Samsung, the largest smartphone manufacturer in the world, announced Thursday that it will begin selling specific smartphone parts directly to customers so they can repair their own devices, mirroring similar announcements made by Apple and Microsoft.
The announcement is another sign that the right-to-repair movement is gaining steam, and that manufacturers see the status quo—where they have worked to secure repair monopolies over their devices—as perhaps politically untenable. President Biden in recent months has made right-to-repair one of his administration’s priorities, directing the Federal Trade Commission to determine whether the repair policies of major electronics and agricultural manufacturers are illegal.
Since the Biden administration has taken this position, Microsoft and Apple have both announced that they would begin selling certain parts to customers. On Thursday, Samsung announced “Galaxy device owners will be able to take product repair into their own hands for Samsung’s most popular models, the Galaxy S20 and S21 family of products, and the Galaxy Tab S7+ beginning this summer. Samsung said it was partnering with iFixit on the program and would also be providing customers with “genuine device parts, repair tools, and intuitive, visual, step-by-step repair guides.”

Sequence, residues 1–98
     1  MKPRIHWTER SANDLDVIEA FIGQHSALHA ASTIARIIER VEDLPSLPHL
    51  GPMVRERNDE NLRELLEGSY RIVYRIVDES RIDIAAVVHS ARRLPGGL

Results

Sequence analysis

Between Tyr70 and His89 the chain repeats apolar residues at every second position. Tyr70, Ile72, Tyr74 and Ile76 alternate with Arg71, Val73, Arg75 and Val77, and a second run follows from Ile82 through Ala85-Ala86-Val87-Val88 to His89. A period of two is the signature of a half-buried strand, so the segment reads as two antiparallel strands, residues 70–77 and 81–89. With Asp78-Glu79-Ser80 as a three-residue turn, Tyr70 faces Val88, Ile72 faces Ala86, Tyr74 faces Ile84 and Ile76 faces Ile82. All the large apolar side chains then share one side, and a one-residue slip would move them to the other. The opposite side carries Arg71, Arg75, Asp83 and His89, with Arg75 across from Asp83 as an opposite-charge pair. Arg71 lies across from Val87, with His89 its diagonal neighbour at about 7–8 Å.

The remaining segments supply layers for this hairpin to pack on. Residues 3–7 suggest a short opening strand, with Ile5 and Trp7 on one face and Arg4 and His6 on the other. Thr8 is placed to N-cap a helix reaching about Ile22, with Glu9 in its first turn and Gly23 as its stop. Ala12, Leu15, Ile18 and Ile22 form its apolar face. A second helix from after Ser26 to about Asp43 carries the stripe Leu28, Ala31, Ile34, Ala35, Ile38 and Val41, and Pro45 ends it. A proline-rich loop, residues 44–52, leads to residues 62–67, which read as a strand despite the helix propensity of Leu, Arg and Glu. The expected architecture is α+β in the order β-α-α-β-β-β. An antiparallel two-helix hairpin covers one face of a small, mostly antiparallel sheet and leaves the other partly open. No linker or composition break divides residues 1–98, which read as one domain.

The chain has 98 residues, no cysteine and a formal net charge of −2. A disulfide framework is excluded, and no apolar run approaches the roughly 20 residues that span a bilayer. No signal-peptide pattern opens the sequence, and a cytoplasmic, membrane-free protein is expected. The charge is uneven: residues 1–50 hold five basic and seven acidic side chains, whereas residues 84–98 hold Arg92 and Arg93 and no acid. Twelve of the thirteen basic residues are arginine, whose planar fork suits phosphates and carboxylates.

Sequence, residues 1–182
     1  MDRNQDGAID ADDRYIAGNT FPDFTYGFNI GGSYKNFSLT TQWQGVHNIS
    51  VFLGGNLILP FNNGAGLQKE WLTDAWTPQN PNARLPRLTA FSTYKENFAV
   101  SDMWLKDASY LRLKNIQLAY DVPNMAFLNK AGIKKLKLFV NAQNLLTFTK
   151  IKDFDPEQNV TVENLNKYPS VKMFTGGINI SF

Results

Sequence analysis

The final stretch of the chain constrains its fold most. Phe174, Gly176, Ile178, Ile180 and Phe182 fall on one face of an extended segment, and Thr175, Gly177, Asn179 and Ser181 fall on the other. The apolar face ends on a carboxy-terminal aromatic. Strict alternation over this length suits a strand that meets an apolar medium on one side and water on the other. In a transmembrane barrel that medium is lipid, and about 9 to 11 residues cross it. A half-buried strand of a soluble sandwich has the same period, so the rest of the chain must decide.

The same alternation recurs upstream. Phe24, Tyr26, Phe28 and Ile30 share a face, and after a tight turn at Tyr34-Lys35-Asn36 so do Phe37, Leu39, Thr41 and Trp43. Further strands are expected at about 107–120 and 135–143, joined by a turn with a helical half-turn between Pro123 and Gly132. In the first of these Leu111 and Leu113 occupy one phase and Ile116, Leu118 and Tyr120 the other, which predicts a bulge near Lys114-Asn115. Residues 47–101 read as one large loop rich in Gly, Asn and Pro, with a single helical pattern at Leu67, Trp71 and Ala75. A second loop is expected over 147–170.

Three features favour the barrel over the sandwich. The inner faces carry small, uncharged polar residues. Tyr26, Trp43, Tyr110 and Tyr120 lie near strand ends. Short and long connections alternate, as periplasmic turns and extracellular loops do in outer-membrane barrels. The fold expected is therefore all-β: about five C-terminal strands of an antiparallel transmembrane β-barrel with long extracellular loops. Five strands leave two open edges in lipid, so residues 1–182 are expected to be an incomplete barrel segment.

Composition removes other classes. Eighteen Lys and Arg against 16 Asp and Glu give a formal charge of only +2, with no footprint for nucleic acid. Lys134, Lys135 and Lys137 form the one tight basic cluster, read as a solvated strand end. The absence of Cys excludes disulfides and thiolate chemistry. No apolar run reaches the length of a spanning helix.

Samsung said it would make screens, back glass, and charging parts available to customers, and said that “in the future, Samsung plans to expand self-repair to more devices and repairs from our extensive product portfolio.”
Though Apple’s iPhones are the most popular smartphone in the United States, Samsung is still the world’s most popular smartphone manufacturer; an estimated 20 percent of all smartphones in the world are Samsung; Apple’s marketshare is around 17 percent, according to Business Standard.
This is a huge step forward for the electronics industry and more evidence that right-to-repair is succeeding as a political movement. It’s not quite as strong as a law that enshrines right-to-repair, however, which is what proponents in the movement are pushing for. Right now, we’re still relying on manufacturers to make moves like this based on public opinion and political pressure rather than force of law, and the vast majority of device manufacturers still do not sell repair parts to the public.